Simon & Schuster £12.99
Origins of Love, By Kishwar Desai
Sleuth Singh pursues the baby-makers
Kishwar Desai won the Costa First Novel award in 2010 for Witness the Night, an engrossing and electrifying detective story which laid bare the horrific fates that can befall unwanted female children in India, and officialdom's complicity in their plight. Now, in Origins of Love, her social worker-cum-sleuth heroine Simran Singh returns, this time to examine the murky but multi-billion-dollar child surrogacy industry.
Singh, a feisty fortysomething of independent means, is a very attractive character: fond (perhaps too fond) of a cigarette and a whisky, she doesn't care whom she shocks by her refusal to conform to traditional Indian notions of appropriate female behaviour and comportment. She provokes despair in her mother by refusing to settle down, engaging in a series of unsuitable love affairs instead, but once on the scent, she is unflagging in pursuit of those who mistreat, abuse and exploit the millions of voiceless women of India.
Singh's investigations start when Amelia, a surrogate baby at the New Delhi clinic run by her cousin and her husband, is unexpectedly born HIV-positive. How, and at what point in the process, has the child been infected? The trail takes Singh to London, where she meets Edward, a wealthy commitment-phobe who donates his sperm to women either mechanically or "naturally". Is he, or –someone else, behind an attempt to kill her? And is that attempt connected to the "accident" that claimed the lives of Amelia's British parents, Mike and Sue, shortly after her birth? As the industry, and its as yet illegal but potentially enormously lucrative offshoot – the use of foetal stem cells – grows in India, to which flock Western couples drawn by the low prices, there is no shortage of interested parties with reason to want to stop Singh and her meddling.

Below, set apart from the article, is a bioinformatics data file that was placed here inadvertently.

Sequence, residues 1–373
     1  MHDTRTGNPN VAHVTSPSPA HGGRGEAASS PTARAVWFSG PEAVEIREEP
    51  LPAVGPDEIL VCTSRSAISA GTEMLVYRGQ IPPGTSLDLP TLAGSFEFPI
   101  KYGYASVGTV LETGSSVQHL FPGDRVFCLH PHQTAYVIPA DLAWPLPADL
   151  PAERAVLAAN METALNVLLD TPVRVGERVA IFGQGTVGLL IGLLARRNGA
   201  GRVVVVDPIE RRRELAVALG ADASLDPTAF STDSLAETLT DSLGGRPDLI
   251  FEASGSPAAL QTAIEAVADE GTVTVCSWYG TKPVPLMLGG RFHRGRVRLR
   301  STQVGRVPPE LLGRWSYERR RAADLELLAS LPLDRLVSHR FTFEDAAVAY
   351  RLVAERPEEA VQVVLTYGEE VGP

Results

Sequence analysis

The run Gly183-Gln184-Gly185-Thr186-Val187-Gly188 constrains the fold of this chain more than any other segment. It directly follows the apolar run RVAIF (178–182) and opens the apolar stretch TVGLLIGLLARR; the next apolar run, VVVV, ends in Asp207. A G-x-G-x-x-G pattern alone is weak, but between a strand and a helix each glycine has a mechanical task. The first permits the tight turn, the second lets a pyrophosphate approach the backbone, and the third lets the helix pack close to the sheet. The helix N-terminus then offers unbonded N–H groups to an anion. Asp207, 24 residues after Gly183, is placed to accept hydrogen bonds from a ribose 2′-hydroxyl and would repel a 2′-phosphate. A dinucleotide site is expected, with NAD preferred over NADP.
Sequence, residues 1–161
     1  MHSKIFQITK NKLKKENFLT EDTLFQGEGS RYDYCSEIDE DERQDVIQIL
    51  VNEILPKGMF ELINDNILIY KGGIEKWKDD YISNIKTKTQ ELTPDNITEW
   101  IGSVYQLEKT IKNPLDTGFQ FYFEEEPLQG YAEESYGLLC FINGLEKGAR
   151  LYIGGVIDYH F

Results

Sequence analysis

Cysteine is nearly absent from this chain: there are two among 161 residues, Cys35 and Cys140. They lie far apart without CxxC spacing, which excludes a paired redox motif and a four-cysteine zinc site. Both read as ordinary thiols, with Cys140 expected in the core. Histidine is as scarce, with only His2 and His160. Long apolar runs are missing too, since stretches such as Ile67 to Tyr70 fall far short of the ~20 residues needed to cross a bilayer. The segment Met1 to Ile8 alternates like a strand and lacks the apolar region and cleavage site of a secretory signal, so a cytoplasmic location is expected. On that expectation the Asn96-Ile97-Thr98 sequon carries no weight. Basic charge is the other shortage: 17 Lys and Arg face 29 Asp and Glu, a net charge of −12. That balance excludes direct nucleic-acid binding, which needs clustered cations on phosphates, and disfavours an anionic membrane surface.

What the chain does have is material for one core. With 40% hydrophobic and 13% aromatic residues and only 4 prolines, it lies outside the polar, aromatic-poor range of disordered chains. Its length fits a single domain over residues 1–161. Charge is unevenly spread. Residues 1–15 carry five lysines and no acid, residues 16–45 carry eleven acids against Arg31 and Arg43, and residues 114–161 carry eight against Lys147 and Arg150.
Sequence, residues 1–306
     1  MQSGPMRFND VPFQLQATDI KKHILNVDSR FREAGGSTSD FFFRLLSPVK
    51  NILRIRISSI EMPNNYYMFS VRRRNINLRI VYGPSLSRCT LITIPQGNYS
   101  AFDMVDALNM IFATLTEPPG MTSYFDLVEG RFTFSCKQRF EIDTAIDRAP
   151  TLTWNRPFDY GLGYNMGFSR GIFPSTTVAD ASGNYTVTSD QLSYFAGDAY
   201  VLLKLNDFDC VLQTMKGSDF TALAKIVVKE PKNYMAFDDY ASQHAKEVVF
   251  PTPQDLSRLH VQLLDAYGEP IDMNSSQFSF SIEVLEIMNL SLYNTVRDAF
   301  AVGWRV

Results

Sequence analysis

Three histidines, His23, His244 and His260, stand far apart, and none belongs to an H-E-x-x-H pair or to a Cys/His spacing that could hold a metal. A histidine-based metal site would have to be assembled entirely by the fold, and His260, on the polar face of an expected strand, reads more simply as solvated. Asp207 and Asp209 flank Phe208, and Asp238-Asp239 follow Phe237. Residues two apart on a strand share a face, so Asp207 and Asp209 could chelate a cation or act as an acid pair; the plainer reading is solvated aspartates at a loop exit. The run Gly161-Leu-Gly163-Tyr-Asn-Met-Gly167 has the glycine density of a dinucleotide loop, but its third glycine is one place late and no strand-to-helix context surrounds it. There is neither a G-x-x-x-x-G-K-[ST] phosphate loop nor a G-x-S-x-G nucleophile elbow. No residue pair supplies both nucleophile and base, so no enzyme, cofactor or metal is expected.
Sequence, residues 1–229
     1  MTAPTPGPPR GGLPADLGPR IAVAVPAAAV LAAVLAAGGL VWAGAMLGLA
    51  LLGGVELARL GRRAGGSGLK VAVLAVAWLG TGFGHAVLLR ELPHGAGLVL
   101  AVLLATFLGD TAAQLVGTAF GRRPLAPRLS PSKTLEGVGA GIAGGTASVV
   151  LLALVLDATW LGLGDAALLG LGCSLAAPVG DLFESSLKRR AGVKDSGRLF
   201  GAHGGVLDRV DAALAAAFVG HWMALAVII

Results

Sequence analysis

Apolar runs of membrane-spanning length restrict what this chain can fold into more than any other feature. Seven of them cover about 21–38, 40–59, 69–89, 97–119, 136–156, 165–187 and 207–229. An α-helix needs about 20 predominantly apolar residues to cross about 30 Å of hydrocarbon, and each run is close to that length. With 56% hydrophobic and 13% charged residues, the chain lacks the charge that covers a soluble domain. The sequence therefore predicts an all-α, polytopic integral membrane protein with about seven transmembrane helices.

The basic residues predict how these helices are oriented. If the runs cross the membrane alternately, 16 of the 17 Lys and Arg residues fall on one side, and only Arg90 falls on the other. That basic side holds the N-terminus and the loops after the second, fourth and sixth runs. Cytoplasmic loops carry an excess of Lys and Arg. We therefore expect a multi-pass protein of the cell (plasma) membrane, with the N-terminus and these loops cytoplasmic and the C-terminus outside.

Along the way she deals with corrupt customs officials, religious hate groups, unscrupulous fixers, ambitious politicians, and Dalits driven to desperate acts by the misery and poverty to which their "untouchable" status condemns them. As compelling as the stories of George Simenon's Maigret, Desai's Simran Singh novels are endowed with something else: the sense that she is delving not just into mysteries but into subjects that matter deeply. I cannot wait for her next adventure.
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